3. In mysite/settings.py, replace django.admin.site in INSTALLED_APPS with apps.CustomAdminConfig (your custom admin app config from the previous step).

  4. In mysite/urls.py, replace admin.site.urls from the admin URL to custom_admin_site.urls

    from .admin import custom_admin_site
    urlpatterns = [
        path('admin/', custom_admin_site.urls),
        # for Django 1.x versions: url(r'^admin/', include(custom_admin_site.urls)),
  5. Create the template you want to modify in your templates directory, maintaining the default Django admin templates directory structure as specified in the docs. For example, if you were modifying admin/index.html, create the file templates/admin/index.html.

    All of the existing templates can be modified this way, and their names and structures can be found in Django's source code.

  6. Now you can either override the template by writing it from scratch or extend it and then override/extend specific blocks.

    For example, if you wanted to keep everything as-is but wanted to override the content block (which on the index page lists the apps and their models that you registered), add the following to templates/admin/index.html:

    {% extends 'admin/index.html' %}
    {% block content %}
        Hello, {{ world }}!
    {% endblock %}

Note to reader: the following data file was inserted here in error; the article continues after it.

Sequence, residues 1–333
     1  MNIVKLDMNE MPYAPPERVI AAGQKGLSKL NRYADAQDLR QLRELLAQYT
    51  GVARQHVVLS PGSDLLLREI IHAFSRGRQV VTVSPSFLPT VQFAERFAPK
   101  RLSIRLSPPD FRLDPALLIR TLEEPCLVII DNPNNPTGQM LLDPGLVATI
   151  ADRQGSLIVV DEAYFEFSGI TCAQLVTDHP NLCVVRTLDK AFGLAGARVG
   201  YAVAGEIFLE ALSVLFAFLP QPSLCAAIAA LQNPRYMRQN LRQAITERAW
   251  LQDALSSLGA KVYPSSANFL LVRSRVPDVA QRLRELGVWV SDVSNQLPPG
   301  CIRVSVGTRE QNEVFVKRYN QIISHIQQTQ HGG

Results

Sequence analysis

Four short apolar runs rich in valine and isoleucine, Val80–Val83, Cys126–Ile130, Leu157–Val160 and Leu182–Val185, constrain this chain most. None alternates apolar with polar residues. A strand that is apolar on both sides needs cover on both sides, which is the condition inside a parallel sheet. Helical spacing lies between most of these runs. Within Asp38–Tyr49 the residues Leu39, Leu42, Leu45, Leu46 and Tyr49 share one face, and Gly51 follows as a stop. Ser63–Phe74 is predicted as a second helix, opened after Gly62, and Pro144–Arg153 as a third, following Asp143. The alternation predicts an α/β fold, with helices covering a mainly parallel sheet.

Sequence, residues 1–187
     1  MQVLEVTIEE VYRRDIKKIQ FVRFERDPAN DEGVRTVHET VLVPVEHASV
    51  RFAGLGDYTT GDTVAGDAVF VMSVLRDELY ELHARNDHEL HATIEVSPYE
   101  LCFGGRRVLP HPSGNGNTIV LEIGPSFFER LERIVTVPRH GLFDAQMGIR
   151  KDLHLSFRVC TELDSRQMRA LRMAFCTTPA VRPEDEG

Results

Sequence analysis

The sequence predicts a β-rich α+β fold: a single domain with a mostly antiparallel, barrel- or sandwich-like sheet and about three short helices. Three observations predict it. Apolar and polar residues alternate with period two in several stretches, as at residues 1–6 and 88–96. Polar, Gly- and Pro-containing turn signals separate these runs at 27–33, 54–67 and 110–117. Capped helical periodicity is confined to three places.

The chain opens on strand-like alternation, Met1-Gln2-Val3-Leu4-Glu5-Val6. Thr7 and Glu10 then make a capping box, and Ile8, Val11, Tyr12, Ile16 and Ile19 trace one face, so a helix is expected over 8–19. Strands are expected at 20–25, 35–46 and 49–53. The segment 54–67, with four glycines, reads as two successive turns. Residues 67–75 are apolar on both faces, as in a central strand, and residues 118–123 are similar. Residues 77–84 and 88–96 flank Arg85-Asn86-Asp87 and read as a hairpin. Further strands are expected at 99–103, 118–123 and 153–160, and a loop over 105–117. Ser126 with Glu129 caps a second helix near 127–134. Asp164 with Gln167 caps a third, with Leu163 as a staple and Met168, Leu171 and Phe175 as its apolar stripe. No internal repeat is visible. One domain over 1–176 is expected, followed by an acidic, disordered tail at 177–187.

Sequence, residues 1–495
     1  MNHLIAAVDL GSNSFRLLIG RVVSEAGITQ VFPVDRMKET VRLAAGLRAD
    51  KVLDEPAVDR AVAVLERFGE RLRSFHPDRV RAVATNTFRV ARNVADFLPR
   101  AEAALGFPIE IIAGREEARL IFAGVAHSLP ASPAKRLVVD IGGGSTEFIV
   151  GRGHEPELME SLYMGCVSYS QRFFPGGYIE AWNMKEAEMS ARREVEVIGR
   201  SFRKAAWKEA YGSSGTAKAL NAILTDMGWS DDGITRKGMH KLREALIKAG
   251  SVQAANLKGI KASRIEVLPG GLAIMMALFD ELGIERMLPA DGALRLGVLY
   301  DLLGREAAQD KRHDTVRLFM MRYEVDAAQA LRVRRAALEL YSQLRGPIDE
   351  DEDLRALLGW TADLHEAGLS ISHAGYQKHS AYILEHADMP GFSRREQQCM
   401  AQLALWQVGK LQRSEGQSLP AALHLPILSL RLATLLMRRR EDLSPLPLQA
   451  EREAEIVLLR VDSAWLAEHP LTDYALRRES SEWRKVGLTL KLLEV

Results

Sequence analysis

To preserve the original contents of a block, add {{ block.super }} wherever you want the original contents to be displayed:

    {% extends 'admin/index.html' %}
    {% block content %}
        Hello, {{ world }}!
      {{ block.super }}
    {% endblock %}

    You can also add custom styles and scripts by modifying the extrastyle and extrahead blocks.

  • do you have a source or documentation about this?
    – user12951147
    May 23, 2020 at 7:37
  • Apart from the two references I've added in point 5, no, I don't have anything else.
    – Faheel
    Jun 4, 2020 at 17:03

The best way to do it is to put the Django admin templates inside your project. So your templates would be in templates/admin while the stock Django admin templates would be in say template/django_admin. Then, you can do something like the following:


{% extends 'django_admin/change_form.html' %}

Your stuff here

If you're worried about keeping the stock templates up to date, you can include them with svn externals or similar.

  • Using svn externals is a great idea. The problem this introduces is that all my translators are going to translate all those templates (because makemessages will collect the translation strings from all admin templates) which adds a lot of extra work if you're working with multiple languages. Maybe there is a way to exclude those templates from makemessages?
    – Semmel
    Jul 5, 2011 at 16:06
  • Use the --ignore argument with makemessages. See: docs.djangoproject.com/en/dev/ref/django-admin/#makemessages Jul 5, 2011 at 16:22